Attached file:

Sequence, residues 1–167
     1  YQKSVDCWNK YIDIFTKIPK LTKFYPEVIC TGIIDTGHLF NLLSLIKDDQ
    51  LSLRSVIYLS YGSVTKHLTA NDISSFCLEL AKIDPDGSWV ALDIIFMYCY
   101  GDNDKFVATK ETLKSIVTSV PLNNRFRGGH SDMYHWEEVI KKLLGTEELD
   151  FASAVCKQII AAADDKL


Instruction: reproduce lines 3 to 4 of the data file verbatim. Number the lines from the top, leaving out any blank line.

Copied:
    51  LSLRSVIYLS YGSVTKHLTA NDISSFCLEL AKIDPDGSWV ALDIIFMYCY
   101  GDNDKFVATK ETLKSIVTSV PLNNRFRGGH SDMYHWEEVI KKLLGTEELD